In other words it’s the media covering  the media, primarily for, the media. By the way folks it’s not just a diner for ink stained wretches and the current president to make nice and raise some scholarship money (it’s original purpose) that’s devolved into the roll out the red carpet look at all the pretty people extravaganza that’s given saturation coverage by the media that covers the media. It’s a whole damn weekend of such folly (check out the site). We can all sleep well knowing the press is on the job.]         

Ok, where was I…, oh, marketing. Just as marketing never sleeps in the commercial sector via the commercial sectors endless commercials, we’re now subjected to the endless campaign of politics. At least all those (new and improved!) commercials (do you ever wonder if the marketing geniuses ever wonder if so many commercials may cause us to not want the merchandise?) are about getting us to buy crap from each other which helps the entire economy. The politicians we choose, and rechoose, with the help of the permanent campaign, often helps out the select few of the special interest group at the expense of the many.

Google the phrase/concept/technique known as The Permanent Campaign and you’ll discover that Pat Caddell, who’s still making a living as a pollster and consultant, is credited by many as a major contributor to this phenomenon. I’ve often seen him serving as a talking head and he strikes me as a reasonable and intelligent gentleman and I bear him no ill will.

He wrote a  memo back when he was working for president Jimmy Cah-tuh (of lust in my heart, malaise, problematic presidency but endlessly tries to make up for it fame) after he had been elected but before he had assumed office. In a great Wikipedia article that serves as a concise primer on a complicated subject, the following is attributed to Joe Klein writing in Time magazine, “Essentially,” Caddell wrote, “it is my thesis governing with public approval requires a continuing political campaign.” At another point in the same Time article Mr. Klein wrote, “Strategies of this nature have been in active development and use since Lyndon Johnson, where priority is given to short-term tactical gain over long-term vision (my use of the bold button…).” So don’t try and blame it all on Mr. Caddell.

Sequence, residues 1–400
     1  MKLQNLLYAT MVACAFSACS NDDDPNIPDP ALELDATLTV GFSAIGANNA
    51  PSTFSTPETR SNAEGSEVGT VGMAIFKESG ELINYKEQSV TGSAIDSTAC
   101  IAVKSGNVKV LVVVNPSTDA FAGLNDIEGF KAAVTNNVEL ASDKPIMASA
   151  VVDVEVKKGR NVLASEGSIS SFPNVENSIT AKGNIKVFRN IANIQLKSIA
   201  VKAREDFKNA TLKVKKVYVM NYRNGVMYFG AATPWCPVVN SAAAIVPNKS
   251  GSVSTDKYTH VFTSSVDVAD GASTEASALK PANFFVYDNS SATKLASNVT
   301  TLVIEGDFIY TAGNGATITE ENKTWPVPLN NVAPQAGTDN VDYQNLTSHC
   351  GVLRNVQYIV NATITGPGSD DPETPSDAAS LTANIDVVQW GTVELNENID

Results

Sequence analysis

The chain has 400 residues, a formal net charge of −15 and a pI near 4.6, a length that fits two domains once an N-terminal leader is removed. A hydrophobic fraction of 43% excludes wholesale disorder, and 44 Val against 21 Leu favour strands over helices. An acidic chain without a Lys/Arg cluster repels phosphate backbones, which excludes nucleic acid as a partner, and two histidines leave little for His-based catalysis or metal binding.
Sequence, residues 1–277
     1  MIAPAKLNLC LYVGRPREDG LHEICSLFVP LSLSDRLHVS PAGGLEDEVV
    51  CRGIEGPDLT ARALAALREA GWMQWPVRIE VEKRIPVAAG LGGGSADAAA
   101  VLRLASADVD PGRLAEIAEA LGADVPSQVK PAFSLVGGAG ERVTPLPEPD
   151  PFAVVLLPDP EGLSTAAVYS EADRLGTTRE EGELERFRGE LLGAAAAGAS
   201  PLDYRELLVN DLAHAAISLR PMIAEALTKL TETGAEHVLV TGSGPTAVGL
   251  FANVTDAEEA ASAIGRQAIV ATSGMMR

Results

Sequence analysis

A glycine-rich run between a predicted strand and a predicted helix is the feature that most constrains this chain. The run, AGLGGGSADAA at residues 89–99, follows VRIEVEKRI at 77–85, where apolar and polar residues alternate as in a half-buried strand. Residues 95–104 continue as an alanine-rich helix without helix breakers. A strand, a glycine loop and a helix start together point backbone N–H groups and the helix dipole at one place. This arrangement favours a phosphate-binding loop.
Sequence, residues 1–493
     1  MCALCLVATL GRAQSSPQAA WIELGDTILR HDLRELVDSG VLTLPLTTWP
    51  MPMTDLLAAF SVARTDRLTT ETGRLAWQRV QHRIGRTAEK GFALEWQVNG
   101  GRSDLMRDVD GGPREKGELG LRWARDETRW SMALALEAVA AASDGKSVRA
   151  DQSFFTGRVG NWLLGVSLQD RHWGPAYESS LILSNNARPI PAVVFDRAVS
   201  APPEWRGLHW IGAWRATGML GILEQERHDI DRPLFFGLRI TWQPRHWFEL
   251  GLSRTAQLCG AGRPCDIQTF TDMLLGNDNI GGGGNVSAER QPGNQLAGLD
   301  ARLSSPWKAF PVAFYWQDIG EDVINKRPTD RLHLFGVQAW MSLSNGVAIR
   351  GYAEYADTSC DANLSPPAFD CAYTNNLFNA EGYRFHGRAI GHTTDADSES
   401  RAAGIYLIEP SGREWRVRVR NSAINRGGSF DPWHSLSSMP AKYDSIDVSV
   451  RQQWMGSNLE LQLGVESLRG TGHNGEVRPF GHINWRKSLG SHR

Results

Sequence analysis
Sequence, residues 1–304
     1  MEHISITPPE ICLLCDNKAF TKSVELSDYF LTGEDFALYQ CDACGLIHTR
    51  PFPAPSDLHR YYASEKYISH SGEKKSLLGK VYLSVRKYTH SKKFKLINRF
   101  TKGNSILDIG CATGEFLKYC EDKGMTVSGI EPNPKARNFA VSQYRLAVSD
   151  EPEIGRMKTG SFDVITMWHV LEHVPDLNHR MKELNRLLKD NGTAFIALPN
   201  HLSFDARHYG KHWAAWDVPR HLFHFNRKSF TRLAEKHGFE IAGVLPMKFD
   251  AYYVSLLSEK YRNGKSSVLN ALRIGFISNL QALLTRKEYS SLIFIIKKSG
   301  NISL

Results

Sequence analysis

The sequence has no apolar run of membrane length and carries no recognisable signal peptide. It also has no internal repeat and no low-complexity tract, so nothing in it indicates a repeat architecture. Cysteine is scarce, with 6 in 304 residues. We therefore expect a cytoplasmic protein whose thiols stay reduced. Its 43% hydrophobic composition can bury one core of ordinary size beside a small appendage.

But people already know this, all of them, at least to some extent, the entire Obvious clan quickly points out.

Not just the political junkies, the politically indifferent as well. Anyone that’s unaware of the onslaught of political commercials that flood the airwaves (cable signals?), the signs that sprout like poisonous mushrooms and the flood of chatter (that’s already a rising river) from the pundits just before federal elections should seek professional help.

Sure, I reply in a condescending tone, but are they aware of the fact that it’s considered normal, no, even worse, it’s considered standard operating procedure for the campaigning to never end? That the 24/7 news media is delighted to provide a platform to help make it possible all the while bemoaning  gridlock, spin, partisanship and the like?

James Fallows, in an article published in the online edition of Atlantic (7/17/13) quotes one Joseph Britt, identified as a former “aide to a Republican U.S. senator” as saying, “One thing that’s changed in recent years is the emergence of the people who do campaigns for a living as a powerful and effectively organized interest group themselves. It is the pollsters, strategists, and other campaign operatives, after all, who are the chief beneficiaries of the continual fundraising that Senators and Congressmen now do.”      

Fox News fans, and you of course, know all about this because...

[Permit me to digress for just another sec’. While I don’t spend much time watching Fox News I do keep track of what they’re up to. Theirs is a right wing perspective and so is mine after all. Fair and balanced? Yes, they do try and make sure the other side has its say but the reason they’re so popular is because of their right wing orientation.

There are more than a few of us that have the same perspective and they provide a different take on the world than the one promoted by most of mainstream media, Hollywood and academia. I’m certain this is deliberate. I’m certain this is the reason for their success. I’m certain that making money is more important to them than ideology. They’ve identified an under served market and like any good entrepreneur they succeed by filling a need or want.